Hosted in a small community theatre on the Isle of Dogs, ‘Ten Days’ – a dramatic interpretation of John Reed’s famous book about the Russian Revolution, ‘10 Days That Shook the World’ – has enthralled audiences in London recently.
As the play notes, John Reed was an honest communist and defender of the October Revolution.
Observing the 1917 revolution first-hand, as a journalist for American socialist magazine The Masses, Reed considered it his revolutionary duty to detail the reality of this epoch-shattering year, which he correctly understood would face deep slander from the ruling classes and their mouthpieces.
This recent theatrical production captures the events leading up to the revolution, whilst managing to avoid many of the lies and myths that have been spread about this period.
Amongst academics and cultural theorists, two main interpretations on the function of art persist. The first sees theatre’s role as being a ‘mirror’, reflecting the real conditions around us. The second argues that theatre and other forms of art must be a ‘hammer’ with which to shape reality.
Ten Days, written and directed by Mathew Jameson, utilises both of these devices to make a revolutionary argument: that the conditions of Britain today echo those of 1917 Russia; and that a revolutionary leadership is necessary to bring about socialism in our own lifetime.
The performance begins in February 1917, when women workers instigated protests that spread and grew into a mass revolt that overthrew the Tsarist regime.
From here, the play follows these titanic events from the perspective of Vladimir Lenin, as he prepares the Bolsheviks to lead the working class to the seizure of power in Russia.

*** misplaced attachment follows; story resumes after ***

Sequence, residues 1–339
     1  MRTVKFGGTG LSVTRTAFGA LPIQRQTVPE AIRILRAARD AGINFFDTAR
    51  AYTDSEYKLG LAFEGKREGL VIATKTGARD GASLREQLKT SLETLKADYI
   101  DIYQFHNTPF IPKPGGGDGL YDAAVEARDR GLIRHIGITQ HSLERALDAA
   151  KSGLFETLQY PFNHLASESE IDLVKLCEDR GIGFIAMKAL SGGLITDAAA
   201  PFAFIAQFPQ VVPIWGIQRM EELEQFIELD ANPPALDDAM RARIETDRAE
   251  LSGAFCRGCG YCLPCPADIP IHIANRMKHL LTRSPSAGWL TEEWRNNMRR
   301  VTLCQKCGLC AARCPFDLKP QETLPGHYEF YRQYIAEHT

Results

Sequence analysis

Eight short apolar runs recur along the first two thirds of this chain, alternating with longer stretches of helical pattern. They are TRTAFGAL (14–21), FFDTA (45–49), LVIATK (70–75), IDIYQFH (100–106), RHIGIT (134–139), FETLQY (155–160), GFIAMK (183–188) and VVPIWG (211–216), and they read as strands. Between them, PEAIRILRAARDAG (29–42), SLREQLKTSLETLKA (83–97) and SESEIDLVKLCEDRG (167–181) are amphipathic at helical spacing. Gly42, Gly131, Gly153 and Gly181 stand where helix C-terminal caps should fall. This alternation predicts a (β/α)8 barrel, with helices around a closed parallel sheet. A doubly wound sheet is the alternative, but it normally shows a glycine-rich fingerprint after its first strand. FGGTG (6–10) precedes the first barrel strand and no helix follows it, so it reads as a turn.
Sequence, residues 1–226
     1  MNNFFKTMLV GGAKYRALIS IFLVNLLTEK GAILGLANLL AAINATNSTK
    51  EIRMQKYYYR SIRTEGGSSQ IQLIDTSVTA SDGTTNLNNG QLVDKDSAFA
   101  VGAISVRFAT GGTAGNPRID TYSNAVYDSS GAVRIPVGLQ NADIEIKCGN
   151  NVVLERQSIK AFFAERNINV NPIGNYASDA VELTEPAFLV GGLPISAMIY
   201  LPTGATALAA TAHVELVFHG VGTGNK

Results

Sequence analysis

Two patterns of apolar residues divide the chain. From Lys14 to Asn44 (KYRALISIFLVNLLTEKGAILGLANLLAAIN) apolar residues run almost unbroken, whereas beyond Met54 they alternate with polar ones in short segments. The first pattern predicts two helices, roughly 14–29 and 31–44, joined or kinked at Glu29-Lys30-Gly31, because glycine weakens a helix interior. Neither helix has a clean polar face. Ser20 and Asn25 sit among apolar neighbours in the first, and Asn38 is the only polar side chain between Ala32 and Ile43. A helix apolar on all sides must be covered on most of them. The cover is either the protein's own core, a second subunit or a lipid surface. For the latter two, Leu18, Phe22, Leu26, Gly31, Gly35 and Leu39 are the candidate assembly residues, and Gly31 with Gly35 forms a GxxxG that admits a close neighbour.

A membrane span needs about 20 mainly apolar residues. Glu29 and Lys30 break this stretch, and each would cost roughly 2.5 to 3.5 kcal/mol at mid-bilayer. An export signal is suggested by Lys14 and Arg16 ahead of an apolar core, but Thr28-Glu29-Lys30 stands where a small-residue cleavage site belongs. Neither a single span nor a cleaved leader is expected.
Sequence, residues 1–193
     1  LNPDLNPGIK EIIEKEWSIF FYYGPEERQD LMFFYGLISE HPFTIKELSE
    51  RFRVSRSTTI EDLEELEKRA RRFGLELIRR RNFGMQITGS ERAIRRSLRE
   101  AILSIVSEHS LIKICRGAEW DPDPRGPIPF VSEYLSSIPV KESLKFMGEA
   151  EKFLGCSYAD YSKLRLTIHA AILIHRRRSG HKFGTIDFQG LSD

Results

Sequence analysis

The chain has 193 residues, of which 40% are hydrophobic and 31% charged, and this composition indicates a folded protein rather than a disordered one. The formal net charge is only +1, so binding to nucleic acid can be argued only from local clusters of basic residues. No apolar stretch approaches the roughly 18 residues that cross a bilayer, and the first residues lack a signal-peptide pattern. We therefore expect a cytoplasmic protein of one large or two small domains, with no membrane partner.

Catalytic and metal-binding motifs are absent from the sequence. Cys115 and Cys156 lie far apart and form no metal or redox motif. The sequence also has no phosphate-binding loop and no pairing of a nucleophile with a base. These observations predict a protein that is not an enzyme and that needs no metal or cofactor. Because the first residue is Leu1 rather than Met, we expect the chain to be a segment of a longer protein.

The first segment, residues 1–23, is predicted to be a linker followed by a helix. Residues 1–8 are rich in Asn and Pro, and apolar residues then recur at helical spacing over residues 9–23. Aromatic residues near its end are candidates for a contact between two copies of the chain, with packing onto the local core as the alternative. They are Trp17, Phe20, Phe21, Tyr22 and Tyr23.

This rendition of Reed’s writings clearly nods towards the current situation, with important historical figures played to resemble those of contemporary British politicians.
The mannerisms of Georgy Levov, for example, the first failed prime minister of the Provisional Government, mimic those of Boris Johnson. His successor, Alexander Kerensky, is also clearly intended to remind viewers of Rishi Sunak.
Both characters repeatedly offer platitudes about parliamentary democracy, whilst ignoring the demands of workers on the streets. Such bluster and hollow rhetoric will be all too familiar to audiences today.
The real nature of the Provisional Government is shown clearly. Kerensky and co. could not solve any of the problems faced by the Russian masses. Despite all the talk from these liberals and reformists, the dire conditions facing ordinary people only worsened.
In one scene, all the major political parties argue about why they should be elected, with each declaring their promises to the newly-freed people of post-Tsarist Russia. The questions from the crowd focus mainly on the First World War, which every representative either refuses to comment on or outright supports.
The parallels to the current conflict in Ukraine are clear: every mainstream party is either looking to drag out the war, making it more bloody and deadly, or cannot offer any answer to the horror and violence.
Lenin, by contrast, is able to appeal to the workers, peasants, and soldiers on the behalf of the Bolshiviks – proclaiming their demands to end the war, nationalise the land, and put all power into the hands of the exploited masses.
When challenged on whether any party can deliver these demands, he proudly states: “There is such a party!”
One extremely accurate portrayal is that of Joseph Stalin, who for the majority of the play goes by the name of Koba, his Bolshevik pseudonym.
This consistent use of his party name seems to be a deliberate choice by the writers, leaving many wondering where Stalin is throughout the show’s scenes.